Reviewed for the Miami Gay and Lesbian Film Festival.
We’ve all heard this story. Boy meets boy. Boy likes boy. There are feelings. They’re ignored. They learn about themselves sexually. They kiss. Feelings are accepted. That’s amore. Or something. Like many a gay film, that’s the story of The Way He Looks.
The difference between this film and countless others though lies with the lead character, Leo. He’s a blind high school student with a female best friend, annoying parents, some bullies, and a new kid that he’s sort of starting to fall for. As mentioned, it’s a familiar story, but while the film doesn’t immediately force the two boys onto each other (something to be appreciated), its guiding feature, the young man’s blindness, rarely adds anything to the tiresome queer coming-of-age narrative. Any cuteness that we get out of the relationship between Leo and his crush Gabriel is rashly shoved aside for scenes of teen angst.
Angst! My worst enemy, both when I was young, and now that I’m sort of settled in my twenties. More so now because I remember how frustrating I was when I was at that age. The easiest comparison point for the frustrating scenes between Leo and his jealous best friend (because the boy she likes doesn’t like her) would be Xavier Dolan’s Heartbeats, but at least that film was entirely dedicated to a friend-friend-potential lover relationship. Daniel Ribeiro’s story tries to balance that, but much like the developing relationship, it’s shoved aside for something else. Same thing happens with his parents (arguably the worst scenes in the movie), who only exist so Leo can get mad and consistently play the “you don’t let me do anything because I’m blind” card. If I was still fifteen and I stormed off when my parents said no to me going to another country for months, I’d probably get hit. Here it’s not even particularly dealt with or resolved. It just happens. The dad helps him shave. We move along, back to the slow development of Leo and Gabriel’s relationship and everything else the film wants to try and show, never to return to the concept of his independence. Unless, and this would be a terrifying notion, independence and coming-of-age only means finding love.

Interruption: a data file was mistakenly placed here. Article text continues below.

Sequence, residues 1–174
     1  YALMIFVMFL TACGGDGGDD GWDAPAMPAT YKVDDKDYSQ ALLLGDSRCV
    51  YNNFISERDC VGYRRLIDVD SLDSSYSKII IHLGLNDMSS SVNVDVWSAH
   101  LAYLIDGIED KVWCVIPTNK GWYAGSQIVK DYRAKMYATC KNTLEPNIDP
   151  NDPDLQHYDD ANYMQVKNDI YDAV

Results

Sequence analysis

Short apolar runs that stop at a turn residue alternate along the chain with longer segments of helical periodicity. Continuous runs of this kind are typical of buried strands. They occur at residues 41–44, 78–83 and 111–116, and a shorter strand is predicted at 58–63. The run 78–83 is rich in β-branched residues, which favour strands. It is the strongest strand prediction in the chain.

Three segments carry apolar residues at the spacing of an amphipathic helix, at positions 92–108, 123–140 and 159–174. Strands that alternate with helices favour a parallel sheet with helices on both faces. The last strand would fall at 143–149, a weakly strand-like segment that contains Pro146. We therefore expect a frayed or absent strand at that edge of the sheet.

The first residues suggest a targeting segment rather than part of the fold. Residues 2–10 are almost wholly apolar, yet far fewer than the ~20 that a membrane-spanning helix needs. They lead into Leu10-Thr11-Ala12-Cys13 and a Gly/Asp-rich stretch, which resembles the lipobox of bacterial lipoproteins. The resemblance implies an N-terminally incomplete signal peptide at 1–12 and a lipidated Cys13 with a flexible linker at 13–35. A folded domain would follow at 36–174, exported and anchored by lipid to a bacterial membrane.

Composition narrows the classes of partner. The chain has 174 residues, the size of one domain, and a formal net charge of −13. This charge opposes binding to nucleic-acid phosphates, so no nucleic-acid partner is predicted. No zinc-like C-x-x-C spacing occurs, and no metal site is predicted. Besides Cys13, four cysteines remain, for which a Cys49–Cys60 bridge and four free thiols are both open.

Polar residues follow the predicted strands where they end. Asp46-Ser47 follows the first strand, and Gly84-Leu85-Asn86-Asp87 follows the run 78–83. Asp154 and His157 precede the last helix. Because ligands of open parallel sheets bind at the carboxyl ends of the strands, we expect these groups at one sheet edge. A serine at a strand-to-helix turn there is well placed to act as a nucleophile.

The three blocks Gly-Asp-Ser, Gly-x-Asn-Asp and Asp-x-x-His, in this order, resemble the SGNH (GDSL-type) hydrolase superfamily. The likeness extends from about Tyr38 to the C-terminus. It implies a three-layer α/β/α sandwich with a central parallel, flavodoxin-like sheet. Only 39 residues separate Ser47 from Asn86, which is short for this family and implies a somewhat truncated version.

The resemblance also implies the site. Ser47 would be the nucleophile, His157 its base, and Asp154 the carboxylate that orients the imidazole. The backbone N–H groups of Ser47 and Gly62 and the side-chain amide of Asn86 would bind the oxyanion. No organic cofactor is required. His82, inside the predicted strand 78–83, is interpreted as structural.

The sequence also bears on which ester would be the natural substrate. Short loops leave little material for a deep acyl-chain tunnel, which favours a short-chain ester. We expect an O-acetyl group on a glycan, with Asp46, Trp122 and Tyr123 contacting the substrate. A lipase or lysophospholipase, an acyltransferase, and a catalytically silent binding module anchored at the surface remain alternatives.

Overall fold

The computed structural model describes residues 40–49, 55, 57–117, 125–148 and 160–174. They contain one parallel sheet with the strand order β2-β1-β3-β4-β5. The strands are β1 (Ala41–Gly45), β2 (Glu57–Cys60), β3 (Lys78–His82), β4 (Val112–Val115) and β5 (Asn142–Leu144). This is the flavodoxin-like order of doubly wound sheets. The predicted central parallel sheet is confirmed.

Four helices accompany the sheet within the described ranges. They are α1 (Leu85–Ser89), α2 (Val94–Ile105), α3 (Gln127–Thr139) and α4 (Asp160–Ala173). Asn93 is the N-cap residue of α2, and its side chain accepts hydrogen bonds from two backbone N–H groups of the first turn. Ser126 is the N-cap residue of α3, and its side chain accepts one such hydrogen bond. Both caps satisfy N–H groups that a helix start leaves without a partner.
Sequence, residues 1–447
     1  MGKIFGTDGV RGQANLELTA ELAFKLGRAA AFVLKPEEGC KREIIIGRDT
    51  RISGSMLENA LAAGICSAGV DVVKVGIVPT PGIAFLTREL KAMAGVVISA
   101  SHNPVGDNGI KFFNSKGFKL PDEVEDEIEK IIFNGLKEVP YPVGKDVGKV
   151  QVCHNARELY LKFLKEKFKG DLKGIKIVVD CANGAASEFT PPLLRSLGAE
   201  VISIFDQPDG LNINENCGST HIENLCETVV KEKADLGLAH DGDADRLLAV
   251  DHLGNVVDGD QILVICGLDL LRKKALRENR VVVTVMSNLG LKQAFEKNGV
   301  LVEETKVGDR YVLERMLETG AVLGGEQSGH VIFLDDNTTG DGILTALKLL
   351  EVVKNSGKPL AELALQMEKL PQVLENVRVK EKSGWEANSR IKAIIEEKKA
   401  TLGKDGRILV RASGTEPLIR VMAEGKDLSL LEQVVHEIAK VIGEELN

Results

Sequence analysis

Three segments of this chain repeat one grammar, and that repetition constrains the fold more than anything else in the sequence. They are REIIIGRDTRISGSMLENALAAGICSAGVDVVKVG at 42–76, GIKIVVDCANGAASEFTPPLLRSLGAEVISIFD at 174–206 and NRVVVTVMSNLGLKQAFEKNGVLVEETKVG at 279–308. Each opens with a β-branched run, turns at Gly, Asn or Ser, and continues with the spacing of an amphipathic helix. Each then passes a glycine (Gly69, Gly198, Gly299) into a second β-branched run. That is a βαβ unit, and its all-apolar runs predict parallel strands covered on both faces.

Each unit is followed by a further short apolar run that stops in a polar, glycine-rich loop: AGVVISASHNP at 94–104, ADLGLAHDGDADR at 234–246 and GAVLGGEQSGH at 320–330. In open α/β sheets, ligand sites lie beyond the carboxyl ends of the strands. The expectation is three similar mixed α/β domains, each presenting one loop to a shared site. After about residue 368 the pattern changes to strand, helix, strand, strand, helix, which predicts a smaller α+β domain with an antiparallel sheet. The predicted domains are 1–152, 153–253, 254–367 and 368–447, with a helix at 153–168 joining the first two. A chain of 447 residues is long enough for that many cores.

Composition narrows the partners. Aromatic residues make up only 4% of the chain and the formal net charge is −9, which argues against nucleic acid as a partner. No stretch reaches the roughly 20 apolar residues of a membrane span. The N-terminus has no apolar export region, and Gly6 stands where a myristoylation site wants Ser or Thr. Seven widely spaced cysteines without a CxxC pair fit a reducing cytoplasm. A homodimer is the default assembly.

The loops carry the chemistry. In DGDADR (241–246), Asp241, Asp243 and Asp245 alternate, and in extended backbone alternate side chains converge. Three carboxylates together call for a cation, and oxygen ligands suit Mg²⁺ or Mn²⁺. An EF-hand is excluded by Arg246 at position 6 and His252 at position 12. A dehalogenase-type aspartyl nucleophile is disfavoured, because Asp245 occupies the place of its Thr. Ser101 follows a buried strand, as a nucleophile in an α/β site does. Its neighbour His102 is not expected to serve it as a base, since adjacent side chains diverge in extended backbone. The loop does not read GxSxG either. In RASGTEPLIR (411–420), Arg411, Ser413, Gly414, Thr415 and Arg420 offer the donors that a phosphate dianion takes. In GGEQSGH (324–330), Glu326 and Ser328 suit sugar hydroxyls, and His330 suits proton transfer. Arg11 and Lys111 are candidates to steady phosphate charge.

As much as the story itself doesn’t appeal to me, it’s clear that Ribeiro and his frequent collaborating cinematographer Pierre de Kerchove have an eye for filmmaking. A couple of great close-up shots utilize the camera to emphasize his blindness. Students messing with him, the boy he likes telling him what’s happening in the film they’re watching, that kind of thing. The rest of the film is shot smoothly, with some solid editing to boot, but the occasional scene and an abuse of racking focus betrays that. The very same close-ups that were once so appealing suddenly become uncomfortable when they get very male-gaze-y* with nude teen characters. It fits in with the mood of the moment — that of a young man figuring himself out sexually — and there’s palpable tension in the air, but for me, it was almost repelling.
There’s only so much teen angst that I can handle after being subjected to a cavalcade of twinks falling in love time and time again. On one hand, I’m thankful that there are films being made about characters with disabilities, and yet, it’d be nice if there was something more to offer than just that angst and drama that comes with a gay teens tale. By no means is The Way He Looks an outright bad film. It certainly has charm, something that will appeal to gay audiences everywhere, but without anything new to add to a story that’s been told too many times for its own good, what’s the point?
*There’s a male gaze/male gays joke to be made there. I won’t make it, but I’m just putting that out there. If the tagline for the movie is allowed to be “Not every love happens at first sight” then I’m allowed to bring that up.
The Way He Looks (Hoje Eu Quero Voltar Sozinho) was the opening night film at the Miami Gay and Lesbian Film Festival on May 2nd.
Directed by Daniel Ribeiro; written by Daniel Ribeiro; adapted from the short film Eu Não Quero Voltar Sozinho by Daniel Ribeiro; starring Ghilherme Lobo, Fabio Audi, and Tess Amorim; 95 minutes.